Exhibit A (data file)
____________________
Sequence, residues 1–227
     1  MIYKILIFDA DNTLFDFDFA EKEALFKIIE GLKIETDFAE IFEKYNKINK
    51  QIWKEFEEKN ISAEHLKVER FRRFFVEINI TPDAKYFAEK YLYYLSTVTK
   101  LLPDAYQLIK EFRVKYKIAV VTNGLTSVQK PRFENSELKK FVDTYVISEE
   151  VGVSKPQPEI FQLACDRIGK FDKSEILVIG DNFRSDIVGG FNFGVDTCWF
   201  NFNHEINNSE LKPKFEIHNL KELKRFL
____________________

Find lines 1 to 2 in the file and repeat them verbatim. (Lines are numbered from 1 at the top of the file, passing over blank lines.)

Sequence, residues 1–227
     1  MIYKILIFDA DNTLFDFDFA EKEALFKIIE GLKIETDFAE IFEKYNKINK